Cotton bound for global markets from Turkmenistan—the ninth largest producer and seventh largest exporter of the world’s cotton—was again harvested with forced labor last year, finds a new report by the Turkmen Initiative for Human Rights and turkmen.news. Students and public-sector employees—including teachers—were systematically forced into the cotton fields in four of Turkmenistan’s five regions during the 2020 fall harvesting season, documents the report.
“The Turkmen government consistently denies the use of forced labor in the country during the cotton harvest despite abundant evidence to the contrary,” says Ruslan Myatiev, turkmen.news editor and human rights defender.
The report documents the forced participation—under threat of dismissal from their jobs or expulsion from their educational institutions—of public-sector employees and high school, vocational and college students. Report findings are based on evidence documented by trained civil society monitors working for the Turkmen Initiative for Human Rights in four of the five regions of Turkmenistan: Ahal, Dashoguz, Lebap and Mary. Women are especially vulnerable to forced labor in the country because they comprise most of the public-sector workforce traditionally involved in the cotton harvest, says the report.
Public-sector workers, including teachers, were expected to provide so-called voluntary contributions from their salaries or in personal time worked in the fields, or a replacement worker—often their students—for “successful achievement of the state plan for the cotton harvest,” states “Review of the Use of Forced Labor in Turkmenistan during the 2020 Cotton Harvest.” For example, during the country’s eight-day fall break, starting October 22, all teachers in the schools in the Dashoguz region had to pick cotton or pay for a replacement worker to go to the fields.
Forced labor of teachers, doctors and other public-sector employees is crippling health and education public services, says the report, while extortion of money from such employees is exacerbating citizens’ suffering during the country’s worsening economic crisis in the context of COVID-19-related food shortages and rising prices.
“Together with other members of the Cotton Campaign, the Solidarity Center demands respect for international conventions against forced labor. Nobody should be coerced into working the fields, and those who monitor working conditions in the cotton fields must be free to do so,” says Abby McGill, Solidarity Center senior program officer for Eastern Europe and Central Asia.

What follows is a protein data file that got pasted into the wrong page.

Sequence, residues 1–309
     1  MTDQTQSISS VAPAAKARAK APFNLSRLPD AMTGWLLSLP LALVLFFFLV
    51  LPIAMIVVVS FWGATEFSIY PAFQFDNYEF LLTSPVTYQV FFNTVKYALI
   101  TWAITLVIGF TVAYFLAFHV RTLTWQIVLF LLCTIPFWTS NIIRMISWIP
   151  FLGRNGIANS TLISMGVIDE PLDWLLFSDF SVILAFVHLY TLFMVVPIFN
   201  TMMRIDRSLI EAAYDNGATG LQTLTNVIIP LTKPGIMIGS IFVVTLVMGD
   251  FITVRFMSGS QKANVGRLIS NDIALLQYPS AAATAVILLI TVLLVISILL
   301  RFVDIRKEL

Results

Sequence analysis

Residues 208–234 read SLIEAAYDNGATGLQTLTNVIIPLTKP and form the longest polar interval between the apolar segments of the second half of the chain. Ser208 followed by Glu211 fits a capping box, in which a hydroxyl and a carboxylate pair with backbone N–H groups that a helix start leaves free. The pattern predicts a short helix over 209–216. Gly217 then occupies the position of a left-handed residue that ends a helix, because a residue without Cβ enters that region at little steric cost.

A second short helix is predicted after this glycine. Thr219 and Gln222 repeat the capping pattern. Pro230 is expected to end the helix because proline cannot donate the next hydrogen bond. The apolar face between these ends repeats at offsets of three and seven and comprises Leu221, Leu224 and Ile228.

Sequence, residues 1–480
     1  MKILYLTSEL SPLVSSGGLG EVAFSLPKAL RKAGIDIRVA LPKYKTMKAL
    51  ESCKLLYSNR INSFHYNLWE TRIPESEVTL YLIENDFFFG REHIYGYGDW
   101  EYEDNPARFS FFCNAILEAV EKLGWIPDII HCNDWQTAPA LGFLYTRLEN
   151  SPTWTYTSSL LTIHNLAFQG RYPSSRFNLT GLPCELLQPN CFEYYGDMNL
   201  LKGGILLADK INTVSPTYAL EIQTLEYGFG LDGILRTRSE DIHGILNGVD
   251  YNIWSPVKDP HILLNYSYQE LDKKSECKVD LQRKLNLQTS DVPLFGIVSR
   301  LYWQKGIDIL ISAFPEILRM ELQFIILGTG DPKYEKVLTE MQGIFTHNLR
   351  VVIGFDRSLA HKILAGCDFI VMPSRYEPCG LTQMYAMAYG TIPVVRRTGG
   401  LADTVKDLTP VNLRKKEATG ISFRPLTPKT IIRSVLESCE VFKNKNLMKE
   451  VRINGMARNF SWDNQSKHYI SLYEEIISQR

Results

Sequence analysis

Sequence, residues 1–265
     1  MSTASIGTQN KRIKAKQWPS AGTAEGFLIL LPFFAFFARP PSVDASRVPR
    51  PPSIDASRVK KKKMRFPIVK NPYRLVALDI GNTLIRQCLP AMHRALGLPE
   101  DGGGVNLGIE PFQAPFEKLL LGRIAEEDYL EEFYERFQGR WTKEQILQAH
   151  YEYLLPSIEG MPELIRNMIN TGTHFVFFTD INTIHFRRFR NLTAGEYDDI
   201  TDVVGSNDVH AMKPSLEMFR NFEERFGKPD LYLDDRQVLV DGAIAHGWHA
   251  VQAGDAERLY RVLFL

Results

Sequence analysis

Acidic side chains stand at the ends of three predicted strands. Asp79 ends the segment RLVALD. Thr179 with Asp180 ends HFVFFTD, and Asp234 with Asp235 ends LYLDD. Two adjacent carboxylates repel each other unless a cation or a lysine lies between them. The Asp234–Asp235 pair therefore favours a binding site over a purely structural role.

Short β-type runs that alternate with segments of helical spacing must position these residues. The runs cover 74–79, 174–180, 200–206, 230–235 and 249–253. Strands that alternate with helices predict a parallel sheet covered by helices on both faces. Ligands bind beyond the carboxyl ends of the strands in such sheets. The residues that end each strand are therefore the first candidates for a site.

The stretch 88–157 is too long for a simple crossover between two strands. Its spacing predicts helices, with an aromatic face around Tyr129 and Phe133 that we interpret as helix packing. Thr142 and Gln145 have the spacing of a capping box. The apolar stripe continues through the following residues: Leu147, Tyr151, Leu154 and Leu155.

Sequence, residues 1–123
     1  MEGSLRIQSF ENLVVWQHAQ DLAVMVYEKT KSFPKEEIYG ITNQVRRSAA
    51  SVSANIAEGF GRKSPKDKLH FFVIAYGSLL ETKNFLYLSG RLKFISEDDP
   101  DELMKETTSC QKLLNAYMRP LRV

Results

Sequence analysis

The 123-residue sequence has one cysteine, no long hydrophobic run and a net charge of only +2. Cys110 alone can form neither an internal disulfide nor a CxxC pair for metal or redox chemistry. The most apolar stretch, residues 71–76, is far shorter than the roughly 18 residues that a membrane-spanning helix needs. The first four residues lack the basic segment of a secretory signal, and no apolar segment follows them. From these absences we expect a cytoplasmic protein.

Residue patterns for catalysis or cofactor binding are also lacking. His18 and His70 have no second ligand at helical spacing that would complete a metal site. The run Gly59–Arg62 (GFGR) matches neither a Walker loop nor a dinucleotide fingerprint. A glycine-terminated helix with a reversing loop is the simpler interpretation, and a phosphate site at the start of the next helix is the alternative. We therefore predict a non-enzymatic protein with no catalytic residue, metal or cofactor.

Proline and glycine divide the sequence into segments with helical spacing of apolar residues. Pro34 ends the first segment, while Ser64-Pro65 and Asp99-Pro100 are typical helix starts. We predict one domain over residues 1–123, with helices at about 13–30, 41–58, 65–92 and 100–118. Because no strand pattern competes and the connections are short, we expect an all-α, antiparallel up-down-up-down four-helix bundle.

In Turkmenistan, a Central Asian republic on the northern border of Iran and Afghanistan, cotton cultivation is fully controlled by the state, retaining elements of the planned economy from the Soviet era. It is one of the most closed and repressive states on the planet, currently ranked below North Korea in world freedom scores. The government commits egregious human rights abuses with impunity and there is a total absence of free media. Cotton-sector independent monitors and reporters face ongoing harassment, arbitrary imprisonment, and torture and ill-treatment.
The U.S. State Department ranked Turkmenistan Tier 3, the lowest ranking on its annual Trafficking in Persons report. Cotton from Turkmenistan is on the Labor Department’s list of goods produced with child or forced labor, and the U.S. Customs and Border Protection agency (CBP) prohibits the import of cotton or cotton products from Turkmenistan.
The Cotton Campaign is a global coalition of human rights, labor, responsible investor and business organizations dedicated to eradicating child and forced labor in cotton production in Turkmenistan and Uzbekistan. The Cotton Campaign’s Turkmen Cotton Pledge, committing signatories to preventing cotton from Turkmenistan produced with forced labor from entering their supply chains, has been signed by 119 major apparel and home goods brands and industry associations.
Uzbek human rights defender Elena Urlaeva was released from a psychiatric hospital in Tashkent yesterday where she was imprisoned for 23 days with neither her consent nor a court order to forcibly treat her, according to the Cotton Campaign. Urlaeva’s release follows an international campaign spearheaded by the Cotton Campaign, a global coalition of labor, human rights, investor and business organizations that includes the Solidarity Center.